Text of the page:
Public Citizen Calls for Ethics Probe into Novartis Clinical Trials
The consumer watchdog group Public Citizen is calling for the Office for Human Research Protections (OHRP) to launch an investigations into clinical trials conducted by Novartis for the drug indacaterol, which is being developed to treat chronic obstructive pulmonary disease (COPD), after accusing the drug maker of ethics violations for allegedly allowing people to suffer a potentially life-threatening respiratory illness for several months without proper care.
In a letter sent on Wednesday to OHRP director Jerry Menikoff, Public Citizen urged that the FDA not be handed the investigation, saying that the agency has a conflict of interest because the trials were conducted with the full knowledge of the FDA. Both the FDA and OHRP are part of the U.S. Department of Health and Human Services.
The consumer organization says that during clinical trials, Novartis denied COPD sufferers treatment while giving them a placebo for three to six months. The group also says that they do not believe that the test subjects were able to give informed consent to be participants in the indacaterol trials because they were not adequately educated about the risks and discomfort that could be suffered by the placebo group.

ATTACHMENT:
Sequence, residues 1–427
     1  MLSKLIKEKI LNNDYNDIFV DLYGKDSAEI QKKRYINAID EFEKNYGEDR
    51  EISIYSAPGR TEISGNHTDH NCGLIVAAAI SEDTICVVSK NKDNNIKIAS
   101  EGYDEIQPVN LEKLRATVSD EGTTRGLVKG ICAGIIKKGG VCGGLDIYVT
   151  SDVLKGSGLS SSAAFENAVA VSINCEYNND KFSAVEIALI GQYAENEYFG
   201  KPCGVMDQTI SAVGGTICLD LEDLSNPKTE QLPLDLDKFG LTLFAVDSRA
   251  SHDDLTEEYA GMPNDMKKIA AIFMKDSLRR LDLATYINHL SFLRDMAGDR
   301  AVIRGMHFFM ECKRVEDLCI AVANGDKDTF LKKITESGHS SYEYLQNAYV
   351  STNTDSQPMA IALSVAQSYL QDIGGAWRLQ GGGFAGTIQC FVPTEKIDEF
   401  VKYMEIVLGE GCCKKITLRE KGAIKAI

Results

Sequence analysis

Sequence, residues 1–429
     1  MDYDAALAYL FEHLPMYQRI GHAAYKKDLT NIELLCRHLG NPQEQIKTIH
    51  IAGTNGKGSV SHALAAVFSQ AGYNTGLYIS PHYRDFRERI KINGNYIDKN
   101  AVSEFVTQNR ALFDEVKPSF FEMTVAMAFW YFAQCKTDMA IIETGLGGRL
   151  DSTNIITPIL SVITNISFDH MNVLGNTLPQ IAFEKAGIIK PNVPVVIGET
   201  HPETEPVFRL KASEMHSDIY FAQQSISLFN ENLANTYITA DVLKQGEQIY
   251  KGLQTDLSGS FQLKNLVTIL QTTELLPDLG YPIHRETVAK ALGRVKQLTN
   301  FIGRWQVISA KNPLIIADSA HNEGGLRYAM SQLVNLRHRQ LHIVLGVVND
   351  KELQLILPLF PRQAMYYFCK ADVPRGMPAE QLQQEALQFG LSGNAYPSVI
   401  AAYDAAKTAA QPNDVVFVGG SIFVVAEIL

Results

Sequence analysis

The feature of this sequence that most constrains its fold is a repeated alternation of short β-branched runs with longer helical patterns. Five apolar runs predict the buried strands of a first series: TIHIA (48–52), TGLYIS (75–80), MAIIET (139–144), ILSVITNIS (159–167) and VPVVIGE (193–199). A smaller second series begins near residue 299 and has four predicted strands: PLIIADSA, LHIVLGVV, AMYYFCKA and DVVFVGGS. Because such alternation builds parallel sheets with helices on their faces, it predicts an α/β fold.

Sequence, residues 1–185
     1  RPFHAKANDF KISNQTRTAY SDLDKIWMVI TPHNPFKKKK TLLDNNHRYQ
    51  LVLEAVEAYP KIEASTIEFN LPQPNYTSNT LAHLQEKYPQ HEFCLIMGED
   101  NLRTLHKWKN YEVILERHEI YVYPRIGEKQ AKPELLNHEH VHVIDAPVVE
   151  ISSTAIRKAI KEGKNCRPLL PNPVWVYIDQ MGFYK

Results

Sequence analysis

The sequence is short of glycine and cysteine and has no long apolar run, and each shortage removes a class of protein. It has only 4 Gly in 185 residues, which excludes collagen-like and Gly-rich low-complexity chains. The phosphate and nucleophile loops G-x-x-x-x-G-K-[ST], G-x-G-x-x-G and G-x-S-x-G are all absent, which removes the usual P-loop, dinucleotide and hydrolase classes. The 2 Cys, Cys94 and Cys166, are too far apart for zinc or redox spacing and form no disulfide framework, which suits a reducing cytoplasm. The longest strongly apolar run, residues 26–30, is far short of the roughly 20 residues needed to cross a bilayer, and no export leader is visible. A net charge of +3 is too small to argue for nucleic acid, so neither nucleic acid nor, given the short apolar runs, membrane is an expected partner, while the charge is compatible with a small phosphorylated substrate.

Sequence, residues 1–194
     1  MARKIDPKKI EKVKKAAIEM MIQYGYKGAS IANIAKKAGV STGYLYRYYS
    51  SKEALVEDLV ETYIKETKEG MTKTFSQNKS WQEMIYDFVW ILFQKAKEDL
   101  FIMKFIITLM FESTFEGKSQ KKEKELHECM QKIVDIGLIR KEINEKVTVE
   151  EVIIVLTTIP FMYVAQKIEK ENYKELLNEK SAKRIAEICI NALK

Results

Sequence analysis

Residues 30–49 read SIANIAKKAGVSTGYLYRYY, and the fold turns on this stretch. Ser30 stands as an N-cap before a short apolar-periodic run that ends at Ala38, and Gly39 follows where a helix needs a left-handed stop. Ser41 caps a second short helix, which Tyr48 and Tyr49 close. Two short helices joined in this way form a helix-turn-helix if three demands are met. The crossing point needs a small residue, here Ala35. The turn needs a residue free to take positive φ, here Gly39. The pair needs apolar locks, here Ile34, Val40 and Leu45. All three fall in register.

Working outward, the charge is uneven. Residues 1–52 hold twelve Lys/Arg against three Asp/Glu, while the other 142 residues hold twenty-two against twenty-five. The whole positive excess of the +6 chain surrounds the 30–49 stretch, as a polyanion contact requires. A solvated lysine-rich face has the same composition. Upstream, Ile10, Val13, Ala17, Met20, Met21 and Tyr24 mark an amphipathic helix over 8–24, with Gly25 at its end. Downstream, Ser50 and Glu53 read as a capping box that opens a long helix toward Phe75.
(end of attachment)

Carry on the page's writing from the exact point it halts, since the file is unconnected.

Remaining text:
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The series of six studies were conducted from 2008 through 2010 to test the efficacy of indacaterol, which is designed to increase bronchodilation. About 1,700 subjects suffering from moderate to severe COPD were given placebo pills instead of the actual drug, the group claims, leaving them open to suffer COPD side effects, which in some cases can be lethal.
“In this case, it is clear that FDA has a conflict of interest and should not be asked to investigate our allegations because Novartis conducted these placebo-controlled trials with the full knowledge and endorsement of the FDA.” Public Citizen wrote. “Therefore, since FDA is complicit in this unethical research, we urge OHRP to take the lead in investigating our allegations.”
The subjects were allowed to use rescue inhalers, daily inhaled corticosteroids, or short-acting beta-adrenoceptor agonists. However, Public Citizen points out that, according to the Global Initiative for Chronic Obstructive Lung Disease guidelines that proper treatment of COPD requires regular treatment with one or more long-acting bronchodilators.
Indacaterol is currently approved in Europe under the brand name Onbrez, but has not yet been approved in the U.S. It is a once-a-day medication for the treatment of COPD, and is delivered through the use of a dry powder inhaler.
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